Special services liaison
Published by Thriftbooks.com User, 11 years ago
To the Japanese business is war by other means. What is the Nakamoto murder and 12 years after this book's writing can it still hold a reader's attention? The answer is yes. Special services is a diplomatic detail in the LAPD. A homicide is reported at the Nakamoto Tower. A caucasian woman has died. Peter J. Smith has been assigned to the Special Services detail for the past six months. An experienced officer, John Connor, tells Smith that a foreigner can never master the etiquette of bowing. The ninety seven floor building had been constructed from prefab units from Nagasaki. In the 1970's 150,000 Japanese students a year were studying in America while 200 U.S. students were studying in Japan. Peter Smith is dealing with Mr. Ishiguro. A very important business reception is taking place and Mr. Ishiguro does not want his guests to be bothered by any aspects of the investigation whatsoever. Every homicide scene has energy. The author states that Japanese people are sensitive to context and behave appropriately under the circumstances. There is a shadow world in New York and Los Angeles and other American cities available only to the Japanese. Two men had already searched the victim's apartment. In Japan every criminal is caught. There is a ninety nine per cent conviction rate. In the U.S. it is seventeen per cent. A crime occurred with the expectation it would not be solved. In Japan scandal is the most common way of revising the pecking order. Officer Smith would like to find a house suitable for raising his daughter but has found that the real estate prices are beyond his means. National cultures clashing create fragility in understanding as does the clash of business cultures. Out of the blue it would seem the two police officers are the subjects of bribery attempts by the Japanese. The solution of the crime is elaborate and laid out with care. All in all the story is very engrossing.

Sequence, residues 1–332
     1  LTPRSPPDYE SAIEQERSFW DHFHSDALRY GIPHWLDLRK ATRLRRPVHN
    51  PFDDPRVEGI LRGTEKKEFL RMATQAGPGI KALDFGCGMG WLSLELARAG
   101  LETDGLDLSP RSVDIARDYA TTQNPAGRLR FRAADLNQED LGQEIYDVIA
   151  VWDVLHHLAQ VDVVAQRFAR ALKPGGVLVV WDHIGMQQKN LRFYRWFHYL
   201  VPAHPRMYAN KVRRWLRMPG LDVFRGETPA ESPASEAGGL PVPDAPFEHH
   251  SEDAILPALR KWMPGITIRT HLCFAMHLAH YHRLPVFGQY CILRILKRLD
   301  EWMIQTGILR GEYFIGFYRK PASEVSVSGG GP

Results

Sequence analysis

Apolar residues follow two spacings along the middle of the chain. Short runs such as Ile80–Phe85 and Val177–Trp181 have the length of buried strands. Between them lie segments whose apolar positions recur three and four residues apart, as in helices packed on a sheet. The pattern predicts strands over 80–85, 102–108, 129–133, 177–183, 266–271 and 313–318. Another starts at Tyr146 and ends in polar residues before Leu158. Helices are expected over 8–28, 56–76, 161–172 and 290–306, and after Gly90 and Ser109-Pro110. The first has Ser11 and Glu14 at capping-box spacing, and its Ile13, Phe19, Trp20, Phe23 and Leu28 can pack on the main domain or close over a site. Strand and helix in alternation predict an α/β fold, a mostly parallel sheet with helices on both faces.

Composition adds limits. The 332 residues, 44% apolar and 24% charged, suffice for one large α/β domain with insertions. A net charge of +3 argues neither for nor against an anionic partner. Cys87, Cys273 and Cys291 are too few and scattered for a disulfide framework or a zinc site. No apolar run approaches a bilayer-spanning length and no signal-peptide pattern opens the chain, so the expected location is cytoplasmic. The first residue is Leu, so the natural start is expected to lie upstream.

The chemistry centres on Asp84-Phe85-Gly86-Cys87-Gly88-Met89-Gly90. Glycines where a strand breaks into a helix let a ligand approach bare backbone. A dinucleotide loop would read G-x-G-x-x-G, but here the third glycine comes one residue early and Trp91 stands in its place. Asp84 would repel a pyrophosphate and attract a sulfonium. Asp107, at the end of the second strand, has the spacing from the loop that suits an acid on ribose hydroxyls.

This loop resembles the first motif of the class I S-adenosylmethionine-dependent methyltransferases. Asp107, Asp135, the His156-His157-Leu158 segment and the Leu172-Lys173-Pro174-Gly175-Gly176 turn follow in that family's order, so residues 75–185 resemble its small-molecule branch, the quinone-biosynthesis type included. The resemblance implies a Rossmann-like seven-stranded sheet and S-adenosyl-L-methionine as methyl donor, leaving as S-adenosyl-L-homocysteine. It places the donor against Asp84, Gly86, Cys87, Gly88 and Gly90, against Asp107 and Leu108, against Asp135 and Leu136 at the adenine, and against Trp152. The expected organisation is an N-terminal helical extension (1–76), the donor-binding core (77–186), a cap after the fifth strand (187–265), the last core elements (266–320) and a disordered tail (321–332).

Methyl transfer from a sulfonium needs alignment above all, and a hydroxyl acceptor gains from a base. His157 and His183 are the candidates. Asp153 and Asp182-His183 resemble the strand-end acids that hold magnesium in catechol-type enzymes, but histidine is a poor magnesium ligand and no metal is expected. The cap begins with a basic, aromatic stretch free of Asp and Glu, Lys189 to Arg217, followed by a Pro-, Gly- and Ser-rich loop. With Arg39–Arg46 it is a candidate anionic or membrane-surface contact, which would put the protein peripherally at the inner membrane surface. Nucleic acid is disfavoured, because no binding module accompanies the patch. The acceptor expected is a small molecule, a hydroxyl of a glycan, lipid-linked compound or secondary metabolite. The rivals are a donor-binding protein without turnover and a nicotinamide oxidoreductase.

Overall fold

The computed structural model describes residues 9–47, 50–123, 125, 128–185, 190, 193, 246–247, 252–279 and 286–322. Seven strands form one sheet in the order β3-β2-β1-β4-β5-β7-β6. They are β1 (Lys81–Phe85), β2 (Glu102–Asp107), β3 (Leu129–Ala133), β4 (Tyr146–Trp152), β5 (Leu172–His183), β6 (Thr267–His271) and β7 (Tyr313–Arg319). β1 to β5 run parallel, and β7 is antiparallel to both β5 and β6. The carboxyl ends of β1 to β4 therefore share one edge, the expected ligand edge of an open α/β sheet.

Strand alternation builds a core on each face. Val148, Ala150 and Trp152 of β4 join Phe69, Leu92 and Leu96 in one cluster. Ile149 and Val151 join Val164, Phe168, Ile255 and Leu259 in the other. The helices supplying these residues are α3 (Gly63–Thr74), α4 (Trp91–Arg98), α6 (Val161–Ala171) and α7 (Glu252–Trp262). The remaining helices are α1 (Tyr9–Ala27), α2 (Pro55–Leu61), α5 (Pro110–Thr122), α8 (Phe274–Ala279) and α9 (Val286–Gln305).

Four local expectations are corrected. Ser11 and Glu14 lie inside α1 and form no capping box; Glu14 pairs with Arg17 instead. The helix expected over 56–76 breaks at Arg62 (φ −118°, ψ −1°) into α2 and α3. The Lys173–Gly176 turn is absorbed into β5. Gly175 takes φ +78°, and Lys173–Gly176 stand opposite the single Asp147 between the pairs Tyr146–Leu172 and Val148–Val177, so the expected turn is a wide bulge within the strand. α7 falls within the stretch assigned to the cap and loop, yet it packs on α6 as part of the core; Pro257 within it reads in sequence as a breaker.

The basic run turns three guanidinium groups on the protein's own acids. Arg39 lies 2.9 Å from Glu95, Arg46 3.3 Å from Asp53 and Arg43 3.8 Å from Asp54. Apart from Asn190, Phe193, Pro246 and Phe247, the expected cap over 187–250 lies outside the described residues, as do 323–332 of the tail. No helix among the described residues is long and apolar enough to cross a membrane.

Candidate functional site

Published by Thriftbooks.com User, 12 years ago
After finishing this book, I let out a big breath, probably the first one in over 3 hours, as I could not stop reading this book for its(no pun intended)breathtaking plot and international intrigue. At its heart, this novel is a book about how Japan is taking over America's economy(there are good examples from Crichton, he has done his research, check the rather large bibliography), and the fact that the Japanese will do anything to control it. As Crichton states many times, Japan's motto is "Business is War", and after finishing this, I cannot help but agree. The story revolves around Lt. Peter Smith and John Connor(haha), who investigate the murder of a beautiful young girl, who was murdered at the Grand Opening of the Nakamoto Building.A great mystery ensues, and even Crichton's lack of detailed descriptions flies by your mind like the pages you are reading. I recommend to read this over the weekend on a soft hammock, just to prove you want fall asleep.Also check out Sphere and Jurassic Park, but do not go anywhere near The Terminal Man.......UGH!
As usual, Chrichton pulls it off...
Published by Thriftbooks.com User, 16 years ago
I read this mainly because as a late-comer to the Michael Chrichton list of novels, I read Jurassic Park mostly due to the interest generated by the movie--the book,by the way, was CLEARLY SUPERIOR to the movie--I ended up reading this one as well. This was my 2nd Chrichton novel, and I was VERRRRY pleased with it. On the whole I despise books written in 'first person' but Rising Sun was exceptional because it WAS written this way. Some of the scathing reviews on this book puzzle me, if these people who are so critical of his writing are THAT good at guessing the outcome--AND--got tired of the writing style, maybe THEY shouldwrite a string of best sellers and IF they pull it off, maybe THEN the remarks will have merit. Until then, this book is a GREAT murder/mystery, and a great deal of fun to boot. Kudos to Chrichton...AGAIN.